Skip to: Content
Skip to: Site Navigation
Skip to: Search


Terrorism & Security

Palestinian and Israeli exchanges shake Gaza cease-fire

A roadside bomb hits Israeli forces, and Israel responds with airstrike.

By / January 27, 2009

On Tuesday, an Israeli military jeep was transported away from the scene where a bomb was detonated near the Kissufim crossing into Gaza. An Israeli soldier was killed by the bomb, prompting a retaliatory airstrike.

Hatem Moussa/AP

Enlarge

A roadside bomb hit an Israeli army patrol along the Gaza border Tuesday, prompting Israeli counterstrikes. The exchanges threatened the cease-fire that has largely prevailed since Israel ended its three-week offensive Jan.
17.

Skip to next paragraph

Recent posts

The Los Angeles Times reports that one Israeli soldier was killed and another seriously wounded when an explosive device detonated along the border fence between Gaza and Israel. Israel responded with tank fire and helicopter strikes, reportedly killing a Palestinian farmer, according to the newspaper.

The clash, near the central Gaza border crossing of Kissufim, is the most serious threat so far to the separate cease-fires declared by Israel and Hamas.....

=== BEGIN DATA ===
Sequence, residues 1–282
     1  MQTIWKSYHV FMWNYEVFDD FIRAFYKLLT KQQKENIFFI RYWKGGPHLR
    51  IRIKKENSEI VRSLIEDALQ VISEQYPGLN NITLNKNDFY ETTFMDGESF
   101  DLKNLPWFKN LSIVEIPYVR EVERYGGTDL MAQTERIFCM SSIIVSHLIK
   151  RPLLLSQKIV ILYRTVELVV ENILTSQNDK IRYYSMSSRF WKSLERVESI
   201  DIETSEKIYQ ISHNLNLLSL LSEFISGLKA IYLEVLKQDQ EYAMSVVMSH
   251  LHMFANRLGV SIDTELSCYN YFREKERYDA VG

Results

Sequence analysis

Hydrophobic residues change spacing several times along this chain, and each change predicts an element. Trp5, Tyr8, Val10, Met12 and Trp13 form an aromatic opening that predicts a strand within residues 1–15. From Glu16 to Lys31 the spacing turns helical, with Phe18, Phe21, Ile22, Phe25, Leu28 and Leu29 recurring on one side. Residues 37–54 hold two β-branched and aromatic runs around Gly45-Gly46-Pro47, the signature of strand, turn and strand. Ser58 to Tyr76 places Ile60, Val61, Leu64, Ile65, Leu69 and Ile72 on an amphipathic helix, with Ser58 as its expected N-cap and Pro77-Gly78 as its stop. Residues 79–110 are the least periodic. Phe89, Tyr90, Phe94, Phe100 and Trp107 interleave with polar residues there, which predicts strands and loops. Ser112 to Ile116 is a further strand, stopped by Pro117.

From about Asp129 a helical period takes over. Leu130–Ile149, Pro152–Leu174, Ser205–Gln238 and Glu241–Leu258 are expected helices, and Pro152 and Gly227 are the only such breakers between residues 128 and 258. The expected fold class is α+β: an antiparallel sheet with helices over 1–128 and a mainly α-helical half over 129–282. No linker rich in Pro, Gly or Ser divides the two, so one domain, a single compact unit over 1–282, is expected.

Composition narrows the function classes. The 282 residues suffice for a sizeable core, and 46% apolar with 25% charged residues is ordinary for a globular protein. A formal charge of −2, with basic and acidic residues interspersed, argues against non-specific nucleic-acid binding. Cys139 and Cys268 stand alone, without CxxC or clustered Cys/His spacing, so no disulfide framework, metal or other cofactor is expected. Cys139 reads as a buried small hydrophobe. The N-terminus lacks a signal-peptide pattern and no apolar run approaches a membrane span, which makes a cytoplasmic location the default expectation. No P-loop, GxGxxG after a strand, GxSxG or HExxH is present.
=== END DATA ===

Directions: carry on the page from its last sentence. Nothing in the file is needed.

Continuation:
There was no immediate claim of responsibility for the attack. Israeli officials maintain that they hold the militant group Hamas, which controls Gaza, responsible for the actions of all Palestinian resistance factions.
Gazan militants have remained quiet since Jan. 18, but the Israeli navy has regularly fired warning shots at Gazan fishermen, and there have been at least two incidents of Palestinians shot by soldiers across the border.

The Associated Press reports that it was not clear "if the bomb had been planted after the cease-fire took hold or whether it was an older device." Israel's defense minister, Ehud Barak, said Israel "cannot accept" the attack. Hamas, however, blamed the clash on Israel.

"We will respond, but there is no point in elaborating," Barak said in comments released by his office.
Israel closed its crossings into Gaza to humanitarian aid traffic after briefly opening them Tuesday morning. Gaza border official Raed Fattouh said Israeli officials informed him the closure was due to the attack....
Although there was no claim of responsibility, Mushir al-Masri, a Hamas leader, said Israel was to blame for continuing to fire into Gaza. Al-Masri said his group had not agreed to a full cease-fire but only to a "lull" in fighting.
"The Zionists are responsible for any aggression," he said.
Permissions

Read Comments

View reader comments | Comment on this story